THE JAZZ RESUME THEIR playoff journey tonight against the Sonics, after what must seem like an eternity. It's been four days since they last played and their longest rest since the first-round series with Portland early in May.
This year's playoffs have been something of a marathon for the Jazz; they've played 13 games in 26 days. Included in that was a run of 9 games in 16 days. Consequently, having the last three days without a game is like going on summer vacation. They're hoping they didn't forget their plays in the meantime.Until this week, the Jazz had to be wondering if they were playing a baseball schedule. It was more like running on a treadmill than playing in the playoffs. Like credit card interest and CNN, they never seemed to rest.
The Jazz have always prided themselves in not complaining about their schedule. They think it's unseemly to admit being tired. They'll either deny concern or look at you as though you'd asked if they've ever had an alien encounter.
That attitude comes from coach Jerry Sloan, who is the original tough guy. This is a man who thinks getting your nose broken is preferable to giving up position on a rebound. He doesn't want to hear about fatigue. He thinks people who worry about rest should be in a rest home or a hospital.So when asked about whether his team could use this week's respite, Sloan, not surprisingly, said: "I really can't worry about that. That's the least of my worries."
In other words, he isn't going to allow himself to think about it, much less talk about it.
It isn't as though the Jazz couldn't use the days off. Though they have gotten younger in the last few years through the draft and free agent signings, the heart of their lineup is as old as the Grand Canyon. Malone will be 33 in July, John Stockton is 34, Jeff Hornacek 33.
Admirable as Sloan's philosophy on fatigue is, it doesn't always work out for the best. Take marathoning, for instance. In 490 B.C. a man named Phidippides ran the first marathon, and by all accounts was a guy Sloan would have loved. According to legend, Athenian soldiers, outnumbered 6 to 1 by the Persians on the plain of Marathon, won a stirring victory by killing thousands; everyone else ran for their ships.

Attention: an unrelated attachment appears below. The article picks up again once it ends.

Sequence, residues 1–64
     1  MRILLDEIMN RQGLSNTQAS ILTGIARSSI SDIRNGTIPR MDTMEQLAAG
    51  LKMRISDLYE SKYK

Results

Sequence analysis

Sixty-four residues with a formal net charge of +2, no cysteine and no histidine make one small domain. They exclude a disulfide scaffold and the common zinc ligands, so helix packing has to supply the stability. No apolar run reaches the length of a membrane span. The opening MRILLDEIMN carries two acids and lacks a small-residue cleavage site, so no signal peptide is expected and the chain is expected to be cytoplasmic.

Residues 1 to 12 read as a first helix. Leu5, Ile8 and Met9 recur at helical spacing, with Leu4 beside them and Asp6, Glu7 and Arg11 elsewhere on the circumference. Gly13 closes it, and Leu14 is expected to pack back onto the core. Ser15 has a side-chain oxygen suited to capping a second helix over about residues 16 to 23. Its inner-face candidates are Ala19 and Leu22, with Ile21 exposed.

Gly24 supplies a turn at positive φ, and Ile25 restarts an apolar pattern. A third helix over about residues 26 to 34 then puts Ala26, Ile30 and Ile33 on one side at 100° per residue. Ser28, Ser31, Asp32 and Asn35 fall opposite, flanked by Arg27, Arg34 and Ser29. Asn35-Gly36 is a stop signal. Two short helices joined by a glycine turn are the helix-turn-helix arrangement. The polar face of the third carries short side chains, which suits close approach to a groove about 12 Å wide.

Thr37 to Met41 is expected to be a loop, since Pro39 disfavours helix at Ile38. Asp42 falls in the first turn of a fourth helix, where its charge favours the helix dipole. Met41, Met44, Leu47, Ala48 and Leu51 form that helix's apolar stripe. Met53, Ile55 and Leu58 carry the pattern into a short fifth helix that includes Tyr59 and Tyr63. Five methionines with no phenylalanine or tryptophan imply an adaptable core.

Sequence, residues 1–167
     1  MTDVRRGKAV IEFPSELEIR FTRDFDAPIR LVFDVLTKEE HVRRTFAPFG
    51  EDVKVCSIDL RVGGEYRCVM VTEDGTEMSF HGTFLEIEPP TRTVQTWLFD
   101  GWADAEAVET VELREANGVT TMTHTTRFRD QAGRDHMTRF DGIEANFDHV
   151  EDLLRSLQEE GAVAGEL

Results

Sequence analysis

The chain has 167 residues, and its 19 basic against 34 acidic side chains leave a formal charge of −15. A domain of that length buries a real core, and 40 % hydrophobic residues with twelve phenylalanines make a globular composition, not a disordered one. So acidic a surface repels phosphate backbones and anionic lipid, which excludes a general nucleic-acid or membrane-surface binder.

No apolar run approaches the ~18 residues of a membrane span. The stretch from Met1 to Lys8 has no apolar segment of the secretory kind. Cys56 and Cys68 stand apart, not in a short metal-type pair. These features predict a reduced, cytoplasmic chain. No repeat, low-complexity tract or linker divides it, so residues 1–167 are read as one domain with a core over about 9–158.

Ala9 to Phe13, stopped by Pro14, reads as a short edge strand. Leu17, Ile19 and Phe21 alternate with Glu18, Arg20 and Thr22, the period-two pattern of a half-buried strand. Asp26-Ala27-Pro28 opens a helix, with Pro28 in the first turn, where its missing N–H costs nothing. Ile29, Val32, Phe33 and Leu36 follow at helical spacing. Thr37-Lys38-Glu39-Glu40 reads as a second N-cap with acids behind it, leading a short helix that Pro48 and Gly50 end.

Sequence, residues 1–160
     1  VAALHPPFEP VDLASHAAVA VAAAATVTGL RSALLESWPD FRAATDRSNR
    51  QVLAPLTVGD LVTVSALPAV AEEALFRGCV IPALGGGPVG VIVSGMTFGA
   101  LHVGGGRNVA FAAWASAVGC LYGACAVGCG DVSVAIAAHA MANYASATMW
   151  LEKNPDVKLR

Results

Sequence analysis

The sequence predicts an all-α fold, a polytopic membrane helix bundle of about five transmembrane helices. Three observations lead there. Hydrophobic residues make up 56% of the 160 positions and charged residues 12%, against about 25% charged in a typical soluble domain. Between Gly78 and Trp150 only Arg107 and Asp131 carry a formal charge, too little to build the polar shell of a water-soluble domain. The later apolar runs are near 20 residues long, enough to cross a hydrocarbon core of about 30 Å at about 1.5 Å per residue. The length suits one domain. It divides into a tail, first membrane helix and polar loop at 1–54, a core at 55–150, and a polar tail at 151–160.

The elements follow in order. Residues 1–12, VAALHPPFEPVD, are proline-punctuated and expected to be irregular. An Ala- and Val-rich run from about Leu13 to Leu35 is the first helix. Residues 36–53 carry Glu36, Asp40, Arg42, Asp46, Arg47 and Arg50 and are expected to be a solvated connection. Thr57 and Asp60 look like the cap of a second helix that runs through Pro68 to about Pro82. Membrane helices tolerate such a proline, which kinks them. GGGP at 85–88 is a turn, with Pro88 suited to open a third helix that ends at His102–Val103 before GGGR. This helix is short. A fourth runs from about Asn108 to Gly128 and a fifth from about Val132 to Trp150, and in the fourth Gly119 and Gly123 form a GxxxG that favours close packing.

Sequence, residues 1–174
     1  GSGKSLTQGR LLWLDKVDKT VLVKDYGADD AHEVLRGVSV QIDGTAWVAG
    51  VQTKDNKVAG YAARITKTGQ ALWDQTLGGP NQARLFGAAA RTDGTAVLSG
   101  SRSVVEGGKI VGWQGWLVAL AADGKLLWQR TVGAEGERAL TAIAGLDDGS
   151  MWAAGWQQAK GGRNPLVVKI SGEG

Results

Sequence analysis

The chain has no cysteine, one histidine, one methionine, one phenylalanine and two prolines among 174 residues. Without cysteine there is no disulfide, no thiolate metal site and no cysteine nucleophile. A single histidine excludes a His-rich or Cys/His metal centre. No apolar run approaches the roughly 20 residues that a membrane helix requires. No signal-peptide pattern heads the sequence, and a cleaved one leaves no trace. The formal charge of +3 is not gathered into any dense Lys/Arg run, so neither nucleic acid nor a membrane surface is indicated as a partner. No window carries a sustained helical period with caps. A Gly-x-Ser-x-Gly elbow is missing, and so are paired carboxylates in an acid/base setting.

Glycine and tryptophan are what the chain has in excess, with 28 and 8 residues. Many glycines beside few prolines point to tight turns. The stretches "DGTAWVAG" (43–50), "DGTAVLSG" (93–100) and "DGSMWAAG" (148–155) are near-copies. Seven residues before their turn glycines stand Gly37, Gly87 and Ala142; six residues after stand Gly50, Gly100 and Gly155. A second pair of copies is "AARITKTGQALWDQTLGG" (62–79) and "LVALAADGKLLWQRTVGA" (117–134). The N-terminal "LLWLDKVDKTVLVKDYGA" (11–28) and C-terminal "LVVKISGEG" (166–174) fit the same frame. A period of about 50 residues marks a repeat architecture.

Filled with the same type of adrenalin rush that NBA players get in the playoffs 2,500 years later, Phidippides raced off for the city of Athens, about 25 miles away, to spread the news. When he finally came into the city, he was so exhausted he was able to utter only one word - "Nike!" - which, if you can believe it, wasn't the name of his shoe company. It was Greek for "Victory!"
We can only wonder how the course of history would have changed if he had uttered "Reebok!", which I think means something like "I love you, man."
At any rate, even though Phidippides finished the race, he was dead at the end. He went on and on without stopping, but there's no doubt a good long rest in the middle would have helped.
If nothing else, the days off should help the Jazz's injury situation. Stockton is reportedly playing with a pulled hamstring, a thigh contusion and an elbow that has been troubling him since the regular season. Stockton's response is always the same: "I'm fine."
Sloan blames Stockton's turnovers - seven against the Sonics on Monday - on teammates not getting to the right spots on the court at the right time, which may be true. At the same time, Stockton has had the ball stolen several times in this series, sometimes in the open court and without the double-team. The fact is that Stockton needed this week's rest, as did the others, to help overcome fatigue or heal injuries after a long playoff run.
Not that they're going to admit it. Malone says he'd rather play every other day than wait for game days. "I don't know," he said. "I kind of like just getting back into it. But I'm just a player. I don't make the decisions."
So whether they wanted to or not, the Jazz are back to playing again tonight. Maybe they'll look fresher and play better. Maybe they'll admit they feel better. Perhaps they'll even figure out what everybody at home in their easy chairs, watching the game on TV, already knew: There are worse things than admitting you could use some rest.